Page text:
As Pranab Mukherjee [ Images ] was sworn in as the 13th President, a band of his friends in a corner of Bengal on Wednesday recalled with nostalgia the days spent with him.
"Our friendship never waned though Pranabda quit college in 1968 to join active politics as a member of Bangla Congress," said Mahadev Sinha, Principal of Bidyanagar College in South 24 Parganas district where Mukherjee had begun his career as a lecturer in political science and history on August 8, 1963.
To him and a few others there like Prodyut Kumar Mondal, now a retired professor of the college, Mukherjee is but a phone call away.
"We often speak to Pranabda over phone. He spoke to us even when he was contesting the presidential poll. He wants to know even small details about the college. His memory is remarkable," they noted.
Despite his high rank and stature he has remained the simple man that he was. He shares 'telebhaja' (deep fried vegetables), which is among his favourite food, and muri (puffed rice) with us," Sinha said recalling that Mukherjee used to have 'addas' with them during his visits to Kolkata [ Images ].
Mangoes are his other weakness, they recollected. "Pranabda as a teacher had excellent rapport with the students ... He always behaved well with them and was always punctual," says former student Sunil Gorai, who later became the librarian of the college.
Mukherjee taught Indian politics, Indian Constitution and foreign constitutions in the college. He became a member of the governing body and its vice-principal in 1965.
Harendranath Majumder, who was a minister in the Bangla Congress regime during the 1960s in the state, had spotted Mukherjee at the Bharat Sabha Hall library and had got him the job at the college, where he was the governing body president.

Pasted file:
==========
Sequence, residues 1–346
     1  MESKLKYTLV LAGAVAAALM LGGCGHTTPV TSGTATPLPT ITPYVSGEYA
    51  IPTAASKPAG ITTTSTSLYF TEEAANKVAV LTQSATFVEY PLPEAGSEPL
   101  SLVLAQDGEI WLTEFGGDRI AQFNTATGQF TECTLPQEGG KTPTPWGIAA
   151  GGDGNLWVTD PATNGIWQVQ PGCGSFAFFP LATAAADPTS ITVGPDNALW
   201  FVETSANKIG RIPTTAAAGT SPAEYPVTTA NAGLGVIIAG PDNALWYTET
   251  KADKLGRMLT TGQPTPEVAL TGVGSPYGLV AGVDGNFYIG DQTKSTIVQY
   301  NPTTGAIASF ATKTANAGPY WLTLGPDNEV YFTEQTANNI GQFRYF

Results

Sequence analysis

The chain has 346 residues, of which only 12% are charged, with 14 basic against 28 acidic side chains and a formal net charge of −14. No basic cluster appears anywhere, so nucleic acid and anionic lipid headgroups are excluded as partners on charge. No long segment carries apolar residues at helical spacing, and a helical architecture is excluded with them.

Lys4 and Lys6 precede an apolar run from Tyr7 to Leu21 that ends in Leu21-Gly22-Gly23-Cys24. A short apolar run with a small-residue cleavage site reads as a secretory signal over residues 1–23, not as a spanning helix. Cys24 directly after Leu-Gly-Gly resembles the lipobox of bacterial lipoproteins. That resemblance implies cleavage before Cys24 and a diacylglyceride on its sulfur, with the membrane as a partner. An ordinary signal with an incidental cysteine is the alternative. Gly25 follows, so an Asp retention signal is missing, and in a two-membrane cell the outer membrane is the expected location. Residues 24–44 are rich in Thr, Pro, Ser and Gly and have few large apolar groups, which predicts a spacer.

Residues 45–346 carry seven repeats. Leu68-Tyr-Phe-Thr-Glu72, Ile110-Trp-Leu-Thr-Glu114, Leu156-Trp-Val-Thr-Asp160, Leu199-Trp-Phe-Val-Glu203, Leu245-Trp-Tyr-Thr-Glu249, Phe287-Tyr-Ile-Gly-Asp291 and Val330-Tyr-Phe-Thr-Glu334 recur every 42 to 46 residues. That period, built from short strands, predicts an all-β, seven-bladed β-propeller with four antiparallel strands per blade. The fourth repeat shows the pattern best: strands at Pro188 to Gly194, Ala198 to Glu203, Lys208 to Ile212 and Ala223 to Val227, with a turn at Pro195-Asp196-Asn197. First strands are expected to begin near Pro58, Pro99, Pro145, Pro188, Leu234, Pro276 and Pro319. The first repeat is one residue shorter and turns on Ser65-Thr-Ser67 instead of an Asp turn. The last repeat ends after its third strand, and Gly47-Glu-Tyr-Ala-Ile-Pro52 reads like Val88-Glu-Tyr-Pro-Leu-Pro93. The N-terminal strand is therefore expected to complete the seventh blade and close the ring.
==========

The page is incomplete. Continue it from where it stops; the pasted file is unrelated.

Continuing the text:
It was Majumdar again who helped him to join politics in 1966 and the rest, as they say, is history. During his stay here, Mukherjee used to go along a mobile library to nearby villages on weekends. He took the cause of spreading education so seriously that he made the entries in his own hand and tried to create readership.
After classes, Mukherjee would train teachers of nearby Bidyanagar primary school, Gorai said. Mukherjee used to reside in the college quarters and always had a good word for each worker there, recollected Biswanath Kuley and Chandranath Bera, who were in charge then.
His easy ways and ready laughter is remembered by Bimal Jana, who in those days ran a tea shop near the college.
"Pranab Babu would often visit my shop after classes and chat with his colleagues over cups of tea ... Never saw a frown on his face," said Jana, who is now 90-years-old and bed-ridden.
He has preserved the cup that Mukherjee used to drink from at his small shop and had met him when he came to a function in the college last year. The college will celebrate its golden jubilee next year.
"We invited him to attend it even before he entered the fray for the presidentship and he gave us his word," said Sinha. The chair that he used to sit on as a teacher is being preserved by the college. "We always felt he will be a big man one day," his friends said.
In fact, the college would never have grown to its present size and stature without Mukherjee's help. From only 60 students in the humanities stream it has over 2,000 students in science, commerce and humanities now.
"We are getting a large UGC grant for the expansion of the science departments thanks to him," said Sinha.